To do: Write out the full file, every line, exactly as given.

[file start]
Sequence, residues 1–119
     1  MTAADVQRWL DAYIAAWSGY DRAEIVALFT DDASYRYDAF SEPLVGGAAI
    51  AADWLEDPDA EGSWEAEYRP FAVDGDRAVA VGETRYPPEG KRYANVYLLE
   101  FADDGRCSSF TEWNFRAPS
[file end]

Sequence, residues 1–119
     1  MTAADVQRWL DAYIAAWSGY DRAEIVALFT DDASYRYDAF SEPLVGGAAI
    51  AADWLEDPDA EGSWEAEYRP FAVDGDRAVA VGETRYPPEG KRYANVYLLE
   101  FADDGRCSSF TEWNFRAPS